Wednesday, January 2, 2013

Several Things About The Hobbit: A Review (of Sorts)


It's been a couple of weeks now, since I saw two of the three available versions of Peter Jackson's new foray into Middle Earth, known as The Hobbit: an Unexpected Journey. Overall, I loved the film, but I want to dig a little deeper, and see whether that love might be at least partially due to my tendency to view anything Tolkien related through rose-tinted glasses.

The first thing I want to cover, before I get into the story, is the new technology, namely the Stereoscopic (3D) High Frame Rate (48 fps) release. Before I discuss this, let me say I have not see the normal 3D (24 fps) release, but, that said, the 3D aspects of the HFR release I did see actually did not feel as intrusive as they have in some other films (I am not, essentially, normally a fan of 3D).

Ahem.

So, the High Frame Rate version ... what can I compare it to? I guess it was a lot like a bottle of cheap vodka. The right amount, mixed properly, can be a lot of fun, but too much, and everything is ruined. Unfortunately, the HFR was not a dynamic aspect of the film. It was static, constant, and overall, became intrusive.

Don't get me wrong. There were certain things it definitely improved. Landscape shots, wide shots, outdoor shots, and in particular, anything where the camera was in motion, especially on a boom, a track, shots presumably taken from a helicopter, or shots rendered in sweeping CGI, looked absolutely gorgeous, and while they were gorgeous in 2D (standard frame rate) too, there was a clarity to them in the HFR version that not only did my eye catch, but I actually thoroughly enjoyed.

Sadly, these shots were a smaller portion of the film than the scenes that were negatively affected. Whenever the camera was stationary, especially when the actors were in close-up, or were in motion while the camera was not, the animation of the objects on screen felt stilted, almost false, like when you watch certain BBC productions on an LCD HDTV. It's hard to describe, but if you've seen it, you know exactly what I'm talking about.

All in all, though I do think HFR may have a future in Cinema, for this film, in my opinion, it was more detrimental than it was beneficial. If you can only afford to see The Hobbit once, I recommend seeing it in standard frame rate. I loved the 2D version at 24 fps, but the 3D version may also be quite good.

If you're the technical type, and would like to read a much more in depth analysis of all this, check out Vincent Laforet's blog post about it, here: The Hobbit: An Unexpected Masterclass in Why HFR fails, and a reaffirmation of what makes cinema magical.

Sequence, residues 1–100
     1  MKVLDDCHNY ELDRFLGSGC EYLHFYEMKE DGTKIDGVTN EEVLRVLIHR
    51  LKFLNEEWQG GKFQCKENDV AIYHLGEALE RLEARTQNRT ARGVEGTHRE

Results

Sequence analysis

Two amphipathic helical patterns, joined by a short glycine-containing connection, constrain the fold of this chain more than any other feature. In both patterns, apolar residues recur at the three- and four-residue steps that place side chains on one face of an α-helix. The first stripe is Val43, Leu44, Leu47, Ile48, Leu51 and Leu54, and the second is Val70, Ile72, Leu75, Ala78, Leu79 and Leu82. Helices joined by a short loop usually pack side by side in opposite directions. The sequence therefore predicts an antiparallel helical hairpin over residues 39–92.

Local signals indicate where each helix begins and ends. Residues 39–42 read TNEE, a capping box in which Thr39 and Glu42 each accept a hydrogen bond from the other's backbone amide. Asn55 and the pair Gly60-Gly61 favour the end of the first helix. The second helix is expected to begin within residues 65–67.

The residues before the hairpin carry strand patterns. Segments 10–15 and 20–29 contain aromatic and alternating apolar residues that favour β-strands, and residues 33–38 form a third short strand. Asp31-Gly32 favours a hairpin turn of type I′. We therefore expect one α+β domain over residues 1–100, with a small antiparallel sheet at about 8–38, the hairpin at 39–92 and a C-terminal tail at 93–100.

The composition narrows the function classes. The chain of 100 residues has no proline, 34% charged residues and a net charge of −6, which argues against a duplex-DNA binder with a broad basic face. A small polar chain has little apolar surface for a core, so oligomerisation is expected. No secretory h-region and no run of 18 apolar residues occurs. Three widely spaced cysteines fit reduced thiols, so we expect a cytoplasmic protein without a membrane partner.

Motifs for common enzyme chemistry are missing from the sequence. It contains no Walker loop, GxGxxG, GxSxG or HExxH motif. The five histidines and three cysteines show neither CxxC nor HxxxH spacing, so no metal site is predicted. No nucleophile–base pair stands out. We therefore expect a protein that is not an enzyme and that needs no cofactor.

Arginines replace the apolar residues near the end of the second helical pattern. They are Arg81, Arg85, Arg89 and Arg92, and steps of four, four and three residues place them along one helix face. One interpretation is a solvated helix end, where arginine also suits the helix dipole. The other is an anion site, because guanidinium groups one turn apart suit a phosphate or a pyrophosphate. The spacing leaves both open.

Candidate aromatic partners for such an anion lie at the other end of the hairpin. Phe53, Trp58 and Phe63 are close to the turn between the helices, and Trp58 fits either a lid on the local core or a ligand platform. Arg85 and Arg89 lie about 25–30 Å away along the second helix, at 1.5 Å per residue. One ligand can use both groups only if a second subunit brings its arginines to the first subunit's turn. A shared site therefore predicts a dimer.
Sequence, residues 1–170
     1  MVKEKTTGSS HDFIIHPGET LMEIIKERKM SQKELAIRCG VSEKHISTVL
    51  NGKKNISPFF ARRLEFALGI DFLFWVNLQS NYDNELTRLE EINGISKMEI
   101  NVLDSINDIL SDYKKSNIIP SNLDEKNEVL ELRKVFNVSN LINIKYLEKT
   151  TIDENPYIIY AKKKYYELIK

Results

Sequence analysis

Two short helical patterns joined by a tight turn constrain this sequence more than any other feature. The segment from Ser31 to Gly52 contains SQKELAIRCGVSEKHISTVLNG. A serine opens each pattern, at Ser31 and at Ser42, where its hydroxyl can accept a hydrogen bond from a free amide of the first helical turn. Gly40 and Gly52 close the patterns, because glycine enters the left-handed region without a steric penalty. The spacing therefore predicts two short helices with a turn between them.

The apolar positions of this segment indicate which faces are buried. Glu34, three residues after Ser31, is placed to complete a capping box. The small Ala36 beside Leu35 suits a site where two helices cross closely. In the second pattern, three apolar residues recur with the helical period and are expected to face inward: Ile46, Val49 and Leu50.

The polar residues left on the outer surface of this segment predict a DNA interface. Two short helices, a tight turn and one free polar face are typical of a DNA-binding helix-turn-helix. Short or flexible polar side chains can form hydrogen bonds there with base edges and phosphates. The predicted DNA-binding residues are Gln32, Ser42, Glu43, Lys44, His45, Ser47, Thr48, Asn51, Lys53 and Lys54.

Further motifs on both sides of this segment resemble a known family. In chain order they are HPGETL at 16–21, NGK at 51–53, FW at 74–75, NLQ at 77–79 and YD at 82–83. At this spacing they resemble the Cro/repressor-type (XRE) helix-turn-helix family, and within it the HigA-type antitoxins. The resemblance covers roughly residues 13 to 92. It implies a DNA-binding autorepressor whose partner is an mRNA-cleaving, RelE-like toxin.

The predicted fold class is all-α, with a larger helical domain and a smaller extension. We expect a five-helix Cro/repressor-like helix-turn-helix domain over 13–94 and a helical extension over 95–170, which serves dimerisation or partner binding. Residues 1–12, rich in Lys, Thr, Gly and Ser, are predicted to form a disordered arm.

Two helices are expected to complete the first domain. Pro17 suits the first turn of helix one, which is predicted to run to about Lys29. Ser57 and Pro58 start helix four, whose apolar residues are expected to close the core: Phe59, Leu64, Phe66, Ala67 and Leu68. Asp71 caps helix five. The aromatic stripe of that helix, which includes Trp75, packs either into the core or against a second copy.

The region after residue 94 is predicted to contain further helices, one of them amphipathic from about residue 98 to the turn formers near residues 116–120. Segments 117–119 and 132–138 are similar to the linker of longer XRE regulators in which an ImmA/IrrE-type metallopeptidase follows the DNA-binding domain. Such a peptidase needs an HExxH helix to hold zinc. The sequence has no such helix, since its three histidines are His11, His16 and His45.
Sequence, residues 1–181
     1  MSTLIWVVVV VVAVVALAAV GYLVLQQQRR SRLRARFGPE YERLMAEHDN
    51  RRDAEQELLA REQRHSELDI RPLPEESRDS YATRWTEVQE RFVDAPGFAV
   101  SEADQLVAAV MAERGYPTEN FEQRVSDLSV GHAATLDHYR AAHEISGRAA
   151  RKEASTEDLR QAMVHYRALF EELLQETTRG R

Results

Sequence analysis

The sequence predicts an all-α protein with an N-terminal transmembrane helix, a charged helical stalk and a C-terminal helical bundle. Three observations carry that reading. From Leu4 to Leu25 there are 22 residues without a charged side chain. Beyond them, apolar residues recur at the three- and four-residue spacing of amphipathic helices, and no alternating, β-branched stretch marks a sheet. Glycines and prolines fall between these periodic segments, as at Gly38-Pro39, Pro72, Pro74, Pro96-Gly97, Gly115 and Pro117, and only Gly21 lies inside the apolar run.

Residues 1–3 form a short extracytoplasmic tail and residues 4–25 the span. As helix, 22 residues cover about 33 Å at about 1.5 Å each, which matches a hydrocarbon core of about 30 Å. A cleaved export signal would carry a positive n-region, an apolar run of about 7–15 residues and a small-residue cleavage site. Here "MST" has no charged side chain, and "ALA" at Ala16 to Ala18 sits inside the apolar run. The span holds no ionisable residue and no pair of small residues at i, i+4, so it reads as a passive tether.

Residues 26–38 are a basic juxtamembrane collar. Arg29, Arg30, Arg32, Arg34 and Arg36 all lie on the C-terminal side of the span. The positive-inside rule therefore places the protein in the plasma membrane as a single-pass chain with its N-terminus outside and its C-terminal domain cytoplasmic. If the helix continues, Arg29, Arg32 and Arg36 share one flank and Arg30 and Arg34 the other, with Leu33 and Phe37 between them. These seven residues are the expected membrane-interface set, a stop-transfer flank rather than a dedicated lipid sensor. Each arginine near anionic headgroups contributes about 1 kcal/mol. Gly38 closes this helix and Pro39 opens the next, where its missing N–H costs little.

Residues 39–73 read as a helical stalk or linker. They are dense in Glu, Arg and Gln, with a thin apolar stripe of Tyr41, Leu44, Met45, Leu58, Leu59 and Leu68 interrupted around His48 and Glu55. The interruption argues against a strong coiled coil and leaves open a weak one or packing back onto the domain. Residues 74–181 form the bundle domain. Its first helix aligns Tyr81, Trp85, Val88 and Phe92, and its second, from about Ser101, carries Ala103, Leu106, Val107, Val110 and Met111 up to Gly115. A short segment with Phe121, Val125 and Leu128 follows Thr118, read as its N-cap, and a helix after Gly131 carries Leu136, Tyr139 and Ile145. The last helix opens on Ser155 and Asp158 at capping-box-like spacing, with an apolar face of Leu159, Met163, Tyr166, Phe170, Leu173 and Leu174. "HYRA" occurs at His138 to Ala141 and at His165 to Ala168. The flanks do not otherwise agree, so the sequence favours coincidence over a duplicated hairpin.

* * *

Now, let's talk about the story. Or more so, what Jackson did with it. Before I make my points, go read this very funny post by Genevieve Valentine: Ten Things You Should Know About The Hobbit.

Obviously I don't agree with all her points, though I do enjoy the post. So, let me cover some of her items, as a way to try to briefly get to: All. The. Things.

1) Bilbo. Basically, I agree. Martin Freeman is a fabulous actor, and he really shines in his performance as Bilbo Baggins. I don't know that I agree entirely about the beginning. The scene (rambling, probably far too long) with the Dwarves, and dinner, and the dishes, goes on for far too long, and there are some awkward moments, even from Bilbo, but the scene is awkward in the book, and it makes sense for Bilbo to be rather uncomfortable. I do agree that Freeman hits his stride just as he hits the road ("I'm going on an Adventure!") but I would also argue that the scene in which he first good mornings Gandalf is one of the best exchanges I've seen between two brilliant actors in a long time (it's later eclipsed by Gollum and Bilbo in the riddle scene).

Of note: Gandalf has a line in Bag End, when he's trying to convince Bilbo to come on the adventure, in which he says something like: "all the best stories deserve a little embellishment." I see what you did there, Peter Jackson. Well played, sir. Well played.

2) Thorin Oakenshield. I get it, I do. Richard Armitage is handsome. This movie has no Aragorn. Thorin's backstory is not completely, entirely accurate to canon. But, I have to say, for the most part, at least for me, it worked. The antagonism between Thorin and Bilbo, and the way their relationship builds through the story is one of the main (pair of) character arcs in the book, and while the movie certainly protrays Thorin in a way I never would have pictured ahead of time, I can't say that I didn't like it.

Of note: Richard Armitage has quite a set of pipes, and can sing like Durin himself.

3) The Dwarves. Okay, sure, there are too many, and in the film, a couple of them feel completely superfluous, but this is Tolkien, and when you're turning a short novel into three feature length films, you're certainly not cutting anything.

Of note: there is an Orcish axe permanently embedded in Bifur's head. Please don't let this come up in dialog in the later films. Like Legolas surfing down the stairs of the deeping wall at Helm's Deep, if you're cutting anything, it ought to be this nonsense.

4) Radagast. I'm pretty well split in my opinion of Radagast. On the one hand, some of the foolishness he portrays in the film does fit with how he is described in Middle Earth canon, but I was still annoyed by a lot of it, because he is, after all, one of the Istari, a Maiar, and I just couldn't swallow him as quite such a bumbling old fool. That said, a Facebook friend of mine, Paul Genesse, wisely pointed out that this could all be subterfuge on Radagast's part, and his point is somewhat well supported when Radagast actually has a moment of strength at Dol Guldur.